Standout Performance: Sarah Mowat because she plays four different characters and manages to make enough differences to make each feel like a character in their own right. I can completely understand why Nick Briggs gave her her own series in Dalek Empire. I saw her in the theatre in Eastbourne once and she was just as commanding there. Maggie Stables deserves the runner up prize for her unforgettable turn as Ruthley; chewing the scenery fabulously and being just weird enough to be slightly scary. Give this woman a part as a companion immediately. 

Sparkling Dialogue: ‘If you do obey your orders Commander you’ll be signing the death warrants of the Time Lords.’
‘The Time Lords really do want me dead!’

Embarrassing Dialogue: ‘I’d trust you to drive me naked through a cheese grater.’ There will plenty more gems like this from Briggs to come. 

Musical Cues: There is a haunting musical cue, a ghostly vocal that plays once in each episode that sounds a little like the music from Enlightenment.

Audio Landscape: The spaceship crash landing made me duck. The echo effect is used a couple of times but it is very atmospheric.

Isn’t that Odd: I understand why they choose the Tom Baker theme to introduce each of the episodes for the first bunch of releases because it was the most recognisable of the themes and they were trying to appeal to a mass audience rather than just Doctor Who fans. But the Doctor Who fans won out with Big Finish and the company essentially became a big nostalgia trip and so going back to these original stories with an inauthentic theme tune feels off kilter. 

Standout Moment: The Time Lords taking over the German officer and attempting to assassinate the fifth Doctor – nail biting stuff. A portent of what is to come with Big Finish historicals; a genre I think they manage to nail pretty much every time and certainly with more consistency than the TV series.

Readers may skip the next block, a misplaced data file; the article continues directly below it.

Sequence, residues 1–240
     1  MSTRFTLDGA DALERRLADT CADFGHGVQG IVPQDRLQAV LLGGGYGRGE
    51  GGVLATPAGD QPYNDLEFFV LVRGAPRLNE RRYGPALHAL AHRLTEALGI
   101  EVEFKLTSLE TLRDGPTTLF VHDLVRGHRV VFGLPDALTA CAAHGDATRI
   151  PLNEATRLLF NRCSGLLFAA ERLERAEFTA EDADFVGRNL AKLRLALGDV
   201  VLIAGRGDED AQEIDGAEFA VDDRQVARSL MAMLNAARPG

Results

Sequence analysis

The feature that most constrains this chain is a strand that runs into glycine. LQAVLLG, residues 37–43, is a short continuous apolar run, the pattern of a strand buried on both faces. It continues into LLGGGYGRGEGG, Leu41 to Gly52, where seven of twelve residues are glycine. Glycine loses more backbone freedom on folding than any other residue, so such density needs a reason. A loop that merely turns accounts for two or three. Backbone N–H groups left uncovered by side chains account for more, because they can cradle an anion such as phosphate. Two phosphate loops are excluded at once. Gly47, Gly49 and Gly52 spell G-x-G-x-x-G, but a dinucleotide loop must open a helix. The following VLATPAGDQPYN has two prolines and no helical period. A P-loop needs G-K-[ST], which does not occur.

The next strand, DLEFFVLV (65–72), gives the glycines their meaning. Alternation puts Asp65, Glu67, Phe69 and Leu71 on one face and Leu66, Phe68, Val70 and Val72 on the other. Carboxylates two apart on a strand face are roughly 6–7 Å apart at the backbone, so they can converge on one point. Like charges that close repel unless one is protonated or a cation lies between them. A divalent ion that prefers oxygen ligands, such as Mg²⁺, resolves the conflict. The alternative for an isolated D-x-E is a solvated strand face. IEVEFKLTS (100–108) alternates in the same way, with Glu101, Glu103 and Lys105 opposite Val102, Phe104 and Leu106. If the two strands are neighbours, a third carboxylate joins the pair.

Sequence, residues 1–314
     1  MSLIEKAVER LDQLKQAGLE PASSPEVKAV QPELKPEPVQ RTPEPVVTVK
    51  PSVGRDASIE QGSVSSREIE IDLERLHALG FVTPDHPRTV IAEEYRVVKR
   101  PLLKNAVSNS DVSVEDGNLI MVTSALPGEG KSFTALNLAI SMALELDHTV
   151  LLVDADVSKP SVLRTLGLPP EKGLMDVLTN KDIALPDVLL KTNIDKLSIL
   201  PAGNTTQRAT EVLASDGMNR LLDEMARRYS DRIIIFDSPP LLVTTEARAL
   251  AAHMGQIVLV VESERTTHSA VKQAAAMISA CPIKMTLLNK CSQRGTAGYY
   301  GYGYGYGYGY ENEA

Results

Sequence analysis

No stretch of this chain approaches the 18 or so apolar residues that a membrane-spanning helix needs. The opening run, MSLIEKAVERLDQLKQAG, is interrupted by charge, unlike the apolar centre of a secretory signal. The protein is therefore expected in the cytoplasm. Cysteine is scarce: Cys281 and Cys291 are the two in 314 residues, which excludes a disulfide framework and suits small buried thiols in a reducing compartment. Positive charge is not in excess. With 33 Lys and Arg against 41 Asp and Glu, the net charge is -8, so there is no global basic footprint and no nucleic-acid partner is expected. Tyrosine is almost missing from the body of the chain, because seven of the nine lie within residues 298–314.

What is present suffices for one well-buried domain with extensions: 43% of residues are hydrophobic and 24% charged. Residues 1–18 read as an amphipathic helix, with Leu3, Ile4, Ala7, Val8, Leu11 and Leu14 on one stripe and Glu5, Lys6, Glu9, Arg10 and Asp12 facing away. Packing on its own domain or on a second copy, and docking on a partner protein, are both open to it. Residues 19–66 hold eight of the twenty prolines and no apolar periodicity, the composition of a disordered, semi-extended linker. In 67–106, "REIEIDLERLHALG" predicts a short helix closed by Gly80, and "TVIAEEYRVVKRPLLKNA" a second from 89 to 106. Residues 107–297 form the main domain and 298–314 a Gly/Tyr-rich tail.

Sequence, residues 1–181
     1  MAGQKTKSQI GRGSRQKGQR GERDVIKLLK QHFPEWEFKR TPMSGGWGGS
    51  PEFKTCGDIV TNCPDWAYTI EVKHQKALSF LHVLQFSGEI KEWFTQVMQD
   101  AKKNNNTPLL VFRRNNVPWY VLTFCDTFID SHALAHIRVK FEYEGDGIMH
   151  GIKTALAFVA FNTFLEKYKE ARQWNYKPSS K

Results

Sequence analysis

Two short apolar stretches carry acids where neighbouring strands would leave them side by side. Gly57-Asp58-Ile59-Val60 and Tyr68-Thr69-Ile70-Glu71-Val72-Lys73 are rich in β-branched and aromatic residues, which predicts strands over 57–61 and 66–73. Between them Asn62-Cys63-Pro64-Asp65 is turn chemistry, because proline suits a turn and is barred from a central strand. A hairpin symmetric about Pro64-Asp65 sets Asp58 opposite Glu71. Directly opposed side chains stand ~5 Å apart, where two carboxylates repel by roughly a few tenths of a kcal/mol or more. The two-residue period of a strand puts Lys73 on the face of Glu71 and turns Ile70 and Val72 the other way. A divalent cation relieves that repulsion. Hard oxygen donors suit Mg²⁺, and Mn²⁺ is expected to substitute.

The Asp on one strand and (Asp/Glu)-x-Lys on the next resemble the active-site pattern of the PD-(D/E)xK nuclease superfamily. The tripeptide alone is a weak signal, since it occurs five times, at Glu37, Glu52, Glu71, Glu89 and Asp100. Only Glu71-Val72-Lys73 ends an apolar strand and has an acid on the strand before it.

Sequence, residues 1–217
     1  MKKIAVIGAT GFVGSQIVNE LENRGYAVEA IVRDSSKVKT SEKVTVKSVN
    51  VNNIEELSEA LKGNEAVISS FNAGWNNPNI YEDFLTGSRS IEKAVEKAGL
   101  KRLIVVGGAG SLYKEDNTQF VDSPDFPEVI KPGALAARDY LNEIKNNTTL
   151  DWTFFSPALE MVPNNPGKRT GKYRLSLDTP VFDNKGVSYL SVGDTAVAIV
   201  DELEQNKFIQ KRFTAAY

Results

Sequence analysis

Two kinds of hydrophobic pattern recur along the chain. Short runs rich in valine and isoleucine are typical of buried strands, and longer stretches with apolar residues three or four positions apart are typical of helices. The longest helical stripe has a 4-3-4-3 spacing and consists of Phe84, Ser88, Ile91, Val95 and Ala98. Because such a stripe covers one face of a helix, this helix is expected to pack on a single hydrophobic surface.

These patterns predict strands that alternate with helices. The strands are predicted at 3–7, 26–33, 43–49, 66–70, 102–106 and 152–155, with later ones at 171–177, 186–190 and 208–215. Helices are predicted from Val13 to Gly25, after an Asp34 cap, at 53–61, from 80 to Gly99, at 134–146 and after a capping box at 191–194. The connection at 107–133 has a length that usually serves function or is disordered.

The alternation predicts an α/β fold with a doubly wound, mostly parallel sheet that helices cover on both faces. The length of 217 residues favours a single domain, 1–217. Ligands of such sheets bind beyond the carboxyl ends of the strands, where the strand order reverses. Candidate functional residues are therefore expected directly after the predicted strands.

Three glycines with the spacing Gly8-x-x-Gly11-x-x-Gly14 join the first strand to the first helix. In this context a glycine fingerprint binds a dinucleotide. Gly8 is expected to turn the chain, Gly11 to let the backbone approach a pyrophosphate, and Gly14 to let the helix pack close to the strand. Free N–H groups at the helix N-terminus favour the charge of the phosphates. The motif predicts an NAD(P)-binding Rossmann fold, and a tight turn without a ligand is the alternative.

Result: As an opening story this is probably a little too ambitious, especially since Big Finish were still finding their legs. Not an argument I would make somewhere in the middle of the run where ambition stagnated and nostalgia dominated. But this might have been the right place for Phantasmagoria; a traditional, atmospheric, clever tale rather than a multi Doctor platform with vignettes that barely tie together at the climax. I’m certain had they tried this story around the time of Zagreus when both the company and Nick Briggs had had much more practice at this sort of thing it would have been more dramatic and made much more of an impact. It’s a nice idea to have three separate episodes with individual stories and then tie them all together in the final episode but everything feels oddly disjointed; that fourth episode is a long time coming and ending each episode on a cliffhanger that we don’t get to see resolved is frustrating and hard to move onto the next story. Saying that, the story boasts some lovely ideas, some crude but still atmospheric audio landscapes and a good pace that never flags. Baker and Davison are surprise highlights whilst McCoy sounds oddly amateurish in places. It doesn’t help that the individual stories aren’t that interesting; episode two stands out and the most and was my go to recommendation for people to listen to when first dipping their toes into Big Finish and they wanted to hear something from the first story.. The final episode is okay but muted considering it is about 3 Doctors saving Gallifrey from invading conquerors. There is enough here to promise better things for the future but Nick Briggs will write and direct far better stories in the future, and worse too: 5/10

Artwork by Simon Hodges @ http://hisi79.deviantart.com/


Anonymous said...

You only gave this one more mark than Judgement of Iskaar, yet despite the fact this had it's flaws(it was highly ambitious for a first audio adventure), I enjoyed this far more than Judgement. I agree with the most part with your criticisms, just wondering why the apparent disproportion.